Bromleigh McCleneghan's new book with HarperOne, Good Christian Sex: Why Chastity Isn't the Only Option--And Other Things the Bible Says About Sex, is a welcome addition to an ongoing conversation about sexuality and faithfulness among the people of God. A Methodist pastor, Bromleigh brings a generous theological lens to topics like pleasure, intimacy, fidelity, and more.
I appreciated her candid and warm pastoral tone, how she teased out desire from lust, and the ways she strove for inclusivity of queer sexualities, genders, and people. She is sensitive to singleness and survivors, and she does not deal in shame. Her incarnational take is refreshing and open, setting itself apart in a field that can otherwise tend toward narrow, prescriptive, and downright harmful. McCleneghan provides a compelling vision for sexuality that is mutual, holistic, fun, and faithful.
Her sexual ethic is much about love of neighbor: not objectifying or exploiting, treating one's partner and oneself with kindness and justice, and seeking the kind of vulnerability that cultivates growth and community. It's a vision that is healthy, fruitful, and deeply embodied, and one I am encouraged to see practiced alike by people of Christian faith, other faiths, and no faith at all.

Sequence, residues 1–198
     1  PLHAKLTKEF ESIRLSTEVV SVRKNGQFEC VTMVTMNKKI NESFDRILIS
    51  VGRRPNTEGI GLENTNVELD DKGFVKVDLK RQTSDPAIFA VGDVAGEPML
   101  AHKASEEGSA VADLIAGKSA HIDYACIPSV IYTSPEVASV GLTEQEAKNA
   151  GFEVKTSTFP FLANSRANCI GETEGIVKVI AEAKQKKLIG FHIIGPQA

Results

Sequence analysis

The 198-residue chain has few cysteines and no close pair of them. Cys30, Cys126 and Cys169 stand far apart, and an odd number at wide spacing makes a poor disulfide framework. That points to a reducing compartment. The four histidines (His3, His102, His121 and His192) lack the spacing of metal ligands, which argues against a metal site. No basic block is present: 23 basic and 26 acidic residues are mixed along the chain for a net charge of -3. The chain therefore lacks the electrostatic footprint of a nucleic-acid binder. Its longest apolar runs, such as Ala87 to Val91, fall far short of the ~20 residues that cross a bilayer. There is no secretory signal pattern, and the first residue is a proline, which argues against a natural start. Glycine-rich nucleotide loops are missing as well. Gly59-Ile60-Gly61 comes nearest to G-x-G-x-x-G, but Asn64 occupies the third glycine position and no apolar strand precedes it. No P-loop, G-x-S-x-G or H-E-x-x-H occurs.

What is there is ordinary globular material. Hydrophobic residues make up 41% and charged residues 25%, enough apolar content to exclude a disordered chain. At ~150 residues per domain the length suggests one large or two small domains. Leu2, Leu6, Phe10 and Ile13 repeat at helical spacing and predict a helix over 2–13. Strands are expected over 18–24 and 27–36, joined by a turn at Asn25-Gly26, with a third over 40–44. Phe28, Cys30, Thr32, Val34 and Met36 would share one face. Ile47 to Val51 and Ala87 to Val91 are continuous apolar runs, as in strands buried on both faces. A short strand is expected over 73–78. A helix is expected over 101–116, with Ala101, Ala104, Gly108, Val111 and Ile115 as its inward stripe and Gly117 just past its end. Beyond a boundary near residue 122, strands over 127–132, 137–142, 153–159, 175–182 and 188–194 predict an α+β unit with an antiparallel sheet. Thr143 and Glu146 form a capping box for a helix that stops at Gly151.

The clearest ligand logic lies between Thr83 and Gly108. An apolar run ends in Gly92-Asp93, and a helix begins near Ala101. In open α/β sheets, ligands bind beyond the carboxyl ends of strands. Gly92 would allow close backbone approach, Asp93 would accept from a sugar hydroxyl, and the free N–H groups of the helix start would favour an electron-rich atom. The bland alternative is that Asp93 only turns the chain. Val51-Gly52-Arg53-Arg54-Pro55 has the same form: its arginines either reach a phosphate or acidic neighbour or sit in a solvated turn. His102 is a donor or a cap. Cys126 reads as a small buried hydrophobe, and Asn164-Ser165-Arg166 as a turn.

And I suppose that's my only real objection: if Christians are called to live--and holiness itself means being--"set apart," shouldn't a Christian theology of sexuality distinguish itself in meaningful ways from its religious and cultural counterparts? Are consent, commitment, and mutual respect all God requires of the Church with regard to sex? They meaningfully ground a healthy and even holistic sexual ethic that is certainly honoring of people made in God's image--and far too often missing in both church and culture at large--but is it wholly sufficient for followers of Christ?
I'm not altogether convinced, but I believe wholeheartedly that this is a conversation worth wrestling with together as people and communities of faith, and I'm thankful for McCleneghan's scholarship, witness, and contribution, particularly as she reclaims the God-given goodness of bodies and sexuality for Christians who haven't always or even often received that good news.
I received my copy from TLC Book Tours.